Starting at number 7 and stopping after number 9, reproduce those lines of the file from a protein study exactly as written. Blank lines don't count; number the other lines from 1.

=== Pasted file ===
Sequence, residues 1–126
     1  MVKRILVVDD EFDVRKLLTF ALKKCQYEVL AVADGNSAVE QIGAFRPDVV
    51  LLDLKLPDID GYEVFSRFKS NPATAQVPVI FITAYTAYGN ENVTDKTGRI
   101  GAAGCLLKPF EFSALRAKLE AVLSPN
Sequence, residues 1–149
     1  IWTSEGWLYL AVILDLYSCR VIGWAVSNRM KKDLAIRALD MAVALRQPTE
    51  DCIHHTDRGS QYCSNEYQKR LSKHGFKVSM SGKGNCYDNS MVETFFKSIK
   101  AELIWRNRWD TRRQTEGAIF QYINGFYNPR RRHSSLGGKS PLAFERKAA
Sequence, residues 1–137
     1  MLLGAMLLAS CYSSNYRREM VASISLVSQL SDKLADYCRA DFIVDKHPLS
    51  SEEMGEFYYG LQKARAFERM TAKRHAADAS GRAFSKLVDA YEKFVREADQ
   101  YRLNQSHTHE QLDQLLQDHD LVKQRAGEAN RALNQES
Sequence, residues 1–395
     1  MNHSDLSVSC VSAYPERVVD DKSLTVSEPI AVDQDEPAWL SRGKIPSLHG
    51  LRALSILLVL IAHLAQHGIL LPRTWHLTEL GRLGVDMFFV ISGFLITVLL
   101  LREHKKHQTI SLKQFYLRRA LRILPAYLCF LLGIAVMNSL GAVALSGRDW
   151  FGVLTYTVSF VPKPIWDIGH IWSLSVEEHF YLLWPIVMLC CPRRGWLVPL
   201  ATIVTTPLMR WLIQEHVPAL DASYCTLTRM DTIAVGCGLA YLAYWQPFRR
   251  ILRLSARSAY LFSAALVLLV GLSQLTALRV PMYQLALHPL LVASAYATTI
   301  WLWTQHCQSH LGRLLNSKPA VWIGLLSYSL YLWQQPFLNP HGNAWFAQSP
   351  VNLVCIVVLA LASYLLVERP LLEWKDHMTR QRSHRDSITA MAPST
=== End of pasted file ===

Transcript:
    51  DCIHHTDRGS QYCSNEYQKR LSKHGFKVSM SGKGNCYDNS MVETFFKSIK
   101  AELIWRNRWD TRRQTEGAIF QYINGFYNPR RRHSSLGGKS PLAFERKAA
Sequence, residues 1–137